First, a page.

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tovli

US: Diagnosis affect Insurance?

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tovli

I am 68 and have UnitedHealthcare Medicare Advantage insurance.  

 

Is there any reason to avoid an official “prediabetes” diagnosis?  I’ve spent a bunch on meter and test strips over the last two months and figured out I am going to need to continue testing various foods and portions, so I am considering pursuing going “on the record”

 

Advice?

 

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adiantum

Welcome to the forum tovli,

I'm not sure how you will find a doctor that believes in "pre "  as many  see an A1c 6.6 or over as  diabetes.

 

Here in Australia, I believe the only disadvantage  is that my drivers licence is tagged as diabetic.

This could affect me legally should I have a serious accident with a low or really high blood glucose.

The reasoning is that I should know my levels before getting in the car.

If I was to be taking meds for it like metformin or insulin etc then I'd need a doctors certificate each time I renewed my license.

 

I get super cheap test strips gov subsidised  because Ive been Dx but I believe you get cheap ones from walmart.

 

If you suspect diabetes then why not go on a low carb high fat diet  now?

Theres many here that will give helpful advice.

 

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Dowling
47 minutes ago, tovli said:

I am 68 and have UnitedHealthcare Medicare Advantage insurance.  

 

Is there any reason to avoid an official “prediabetes” diagnosis?  I’ve spent a bunch on meter and test strips over the last two months and figured out I am going to need to continue testing various foods and portions, so I am considering pursuing going “on the record”

 

Advice?

 

 

Has your doctor told you that you are pre-diabetic? Has he/she prescribed anything for it? If not I wouldn't volunteer that info. My opinion only and I don't live in the USA so I don't know that much about insurance  but I assume that adding a preexisting condition may change things. If it were me I'd look at all the pros and cons before making a decision

 

 

 

 

 

 

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meyery2k

Welcome!

 

I would avoid a dx of diabetes or even pre-diabetes.  It affects pricing for health insurance, life insurance, and can make getting certain licensing more difficult.  With a LCHF diet, I have been able to keep myself at non-diabetic fasting and a1C for nearly 5 years with exercise and diet.  Unfortunately, they don't take diabetes off the chart.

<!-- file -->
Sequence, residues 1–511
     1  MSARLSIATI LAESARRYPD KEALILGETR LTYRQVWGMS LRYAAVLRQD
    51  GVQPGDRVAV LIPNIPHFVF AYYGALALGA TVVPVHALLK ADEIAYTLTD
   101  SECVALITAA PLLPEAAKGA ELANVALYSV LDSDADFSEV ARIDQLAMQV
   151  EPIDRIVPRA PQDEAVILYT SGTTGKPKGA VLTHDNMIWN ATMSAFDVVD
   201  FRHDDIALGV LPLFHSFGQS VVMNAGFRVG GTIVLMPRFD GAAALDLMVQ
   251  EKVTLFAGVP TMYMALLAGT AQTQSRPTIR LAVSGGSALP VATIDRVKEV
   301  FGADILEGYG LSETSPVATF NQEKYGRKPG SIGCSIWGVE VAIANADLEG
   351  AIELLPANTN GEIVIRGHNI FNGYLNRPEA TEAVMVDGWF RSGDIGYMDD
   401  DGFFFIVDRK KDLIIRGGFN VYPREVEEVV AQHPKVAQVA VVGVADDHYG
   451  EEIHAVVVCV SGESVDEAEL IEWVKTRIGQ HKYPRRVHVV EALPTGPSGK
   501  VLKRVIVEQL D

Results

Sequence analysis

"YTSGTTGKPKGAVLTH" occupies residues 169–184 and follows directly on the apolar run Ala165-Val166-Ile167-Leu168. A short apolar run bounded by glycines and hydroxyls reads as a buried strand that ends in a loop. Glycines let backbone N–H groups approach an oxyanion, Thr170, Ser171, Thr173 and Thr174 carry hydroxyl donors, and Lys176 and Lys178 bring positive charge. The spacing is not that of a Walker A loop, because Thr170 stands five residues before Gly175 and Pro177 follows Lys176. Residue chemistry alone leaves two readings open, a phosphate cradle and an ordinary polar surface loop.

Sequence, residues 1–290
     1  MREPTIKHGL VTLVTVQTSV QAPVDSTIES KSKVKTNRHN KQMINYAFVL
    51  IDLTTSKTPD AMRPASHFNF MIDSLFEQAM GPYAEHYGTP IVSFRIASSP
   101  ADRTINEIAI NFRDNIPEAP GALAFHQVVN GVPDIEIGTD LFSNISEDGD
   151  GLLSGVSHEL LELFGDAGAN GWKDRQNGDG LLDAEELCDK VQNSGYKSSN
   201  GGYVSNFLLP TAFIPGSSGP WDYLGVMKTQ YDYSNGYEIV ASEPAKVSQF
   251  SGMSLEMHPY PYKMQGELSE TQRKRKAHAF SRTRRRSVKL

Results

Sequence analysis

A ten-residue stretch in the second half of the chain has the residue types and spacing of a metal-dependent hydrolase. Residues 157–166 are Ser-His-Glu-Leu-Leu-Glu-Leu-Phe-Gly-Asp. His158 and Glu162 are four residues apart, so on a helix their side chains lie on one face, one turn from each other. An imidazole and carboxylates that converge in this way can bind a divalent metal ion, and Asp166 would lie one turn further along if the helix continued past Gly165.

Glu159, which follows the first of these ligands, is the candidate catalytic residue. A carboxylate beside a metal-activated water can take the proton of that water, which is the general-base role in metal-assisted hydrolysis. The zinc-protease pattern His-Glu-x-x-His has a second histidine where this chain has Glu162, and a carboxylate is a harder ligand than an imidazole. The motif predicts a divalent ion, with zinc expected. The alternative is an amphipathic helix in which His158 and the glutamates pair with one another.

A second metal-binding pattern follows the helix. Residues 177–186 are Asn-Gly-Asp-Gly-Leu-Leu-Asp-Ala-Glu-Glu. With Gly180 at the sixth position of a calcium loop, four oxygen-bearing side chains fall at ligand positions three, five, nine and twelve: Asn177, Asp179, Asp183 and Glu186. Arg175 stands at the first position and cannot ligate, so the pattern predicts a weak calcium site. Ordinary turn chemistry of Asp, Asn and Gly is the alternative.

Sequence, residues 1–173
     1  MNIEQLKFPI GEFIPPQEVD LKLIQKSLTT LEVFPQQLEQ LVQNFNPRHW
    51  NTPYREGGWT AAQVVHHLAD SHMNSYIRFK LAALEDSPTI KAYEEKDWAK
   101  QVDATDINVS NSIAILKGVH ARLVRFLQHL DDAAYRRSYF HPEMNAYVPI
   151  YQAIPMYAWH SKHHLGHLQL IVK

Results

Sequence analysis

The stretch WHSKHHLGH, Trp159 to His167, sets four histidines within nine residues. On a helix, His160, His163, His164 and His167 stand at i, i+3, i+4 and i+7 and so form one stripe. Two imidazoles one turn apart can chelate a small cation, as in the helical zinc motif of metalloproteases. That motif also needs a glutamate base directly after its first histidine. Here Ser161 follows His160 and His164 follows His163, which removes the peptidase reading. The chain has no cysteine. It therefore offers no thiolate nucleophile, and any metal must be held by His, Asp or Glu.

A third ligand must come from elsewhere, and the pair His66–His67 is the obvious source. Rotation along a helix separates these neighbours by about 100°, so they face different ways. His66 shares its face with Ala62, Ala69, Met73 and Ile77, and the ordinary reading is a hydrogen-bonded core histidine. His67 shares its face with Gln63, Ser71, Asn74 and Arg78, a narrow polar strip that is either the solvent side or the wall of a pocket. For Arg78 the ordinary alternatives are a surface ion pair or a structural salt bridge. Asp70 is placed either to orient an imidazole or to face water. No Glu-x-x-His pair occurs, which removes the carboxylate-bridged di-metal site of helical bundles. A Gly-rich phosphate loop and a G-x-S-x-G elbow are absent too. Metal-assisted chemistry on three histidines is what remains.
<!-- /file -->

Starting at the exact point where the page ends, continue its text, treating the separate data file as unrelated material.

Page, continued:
Walmart has a Relion Prime meter and fairly inexpensive strips.  Once you get everything dialed in you likely won't have to test so much.

 

 

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tovli
5 hours ago, Dowling said:

Has your doctor told you that you are pre-diabetic?

No.  Doc has not been concerned about my slowly rising fasting glucose over the years, (101, then 103, then 106, and this year 110), or even my wife’s 113 with 6.1 A1c.  (Love our doc, but I thought we should be concerned.)

 

Wife and I decided on our own to create a personalized “clean”, “lower-carb” diet loosely based on the first steps of “The FatBurn Fix”, and then it morphed into a food=BloodGlucose science experiment with 1 hr target of <140 and 2 hr target of <120.  We both have lost about 8% weight.  Wife is happy to need new pants, but now wants me to stop losing (I’m at BMI of 24 now.)

 

Sunday was my 68 birthday, and the celebration was “eat in the car” half a Jon Smith Italian Steak sandwich (with the nasty white bread roll), divine fries, and a cherry coke (estimate 110g net carbs) followed by 1hr and 2hr blood testing “party”.  My 1hr was 217 and the 2hr came in at 179, so I am suspecting I am probably “prediabetic” or “max-normal” if there is no such thing as prediabetes.

 

We’re back to <100g net carbs a day, spaced out to stay under the targets (140, 120) and swearing off anything that proves too much.

 

And reading, reading, reading.

 

 

 

 

Edited by tovli

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adiantum

I'm impressed in your taking this serious now as it will go towards a healthier years to come.

A non diabetic person would not have a BG reading of 179 2hr pp

Reading is great... try blood sugar 101

 

If you are still getting high readings after a day of <100g a day . it could be something else happening like type 1.5 or late onset type 1,  so do be diligent in testing.

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